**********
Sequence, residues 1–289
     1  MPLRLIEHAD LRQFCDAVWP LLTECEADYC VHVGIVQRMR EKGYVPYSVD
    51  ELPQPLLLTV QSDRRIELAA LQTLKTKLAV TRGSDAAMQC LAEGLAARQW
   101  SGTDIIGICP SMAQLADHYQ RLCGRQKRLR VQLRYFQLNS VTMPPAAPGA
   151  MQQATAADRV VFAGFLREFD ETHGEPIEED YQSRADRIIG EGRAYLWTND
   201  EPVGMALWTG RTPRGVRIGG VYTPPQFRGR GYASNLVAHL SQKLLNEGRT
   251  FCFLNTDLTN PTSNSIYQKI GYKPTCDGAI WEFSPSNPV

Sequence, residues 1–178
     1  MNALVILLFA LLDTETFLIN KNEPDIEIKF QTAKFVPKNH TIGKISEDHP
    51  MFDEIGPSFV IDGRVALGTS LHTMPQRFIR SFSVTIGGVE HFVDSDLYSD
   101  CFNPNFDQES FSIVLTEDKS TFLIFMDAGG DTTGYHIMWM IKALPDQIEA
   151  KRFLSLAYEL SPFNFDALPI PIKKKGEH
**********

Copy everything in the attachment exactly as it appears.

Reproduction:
Sequence, residues 1–289
     1  MPLRLIEHAD LRQFCDAVWP LLTECEADYC VHVGIVQRMR EKGYVPYSVD
    51  ELPQPLLLTV QSDRRIELAA LQTLKTKLAV TRGSDAAMQC LAEGLAARQW
   101  SGTDIIGICP SMAQLADHYQ RLCGRQKRLR VQLRYFQLNS VTMPPAAPGA
   151  MQQATAADRV VFAGFLREFD ETHGEPIEED YQSRADRIIG EGRAYLWTND
   201  EPVGMALWTG RTPRGVRIGG VYTPPQFRGR GYASNLVAHL SQKLLNEGRT
   251  FCFLNTDLTN PTSNSIYQKI GYKPTCDGAI WEFSPSNPV

Sequence, residues 1–178
     1  MNALVILLFA LLDTETFLIN KNEPDIEIKF QTAKFVPKNH TIGKISEDHP
    51  MFDEIGPSFV IDGRVALGTS LHTMPQRFIR SFSVTIGGVE HFVDSDLYSD
   101  CFNPNFDQES FSIVLTEDKS TFLIFMDAGG DTTGYHIMWM IKALPDQIEA
   151  KRFLSLAYEL SPFNFDALPI PIKKKGEH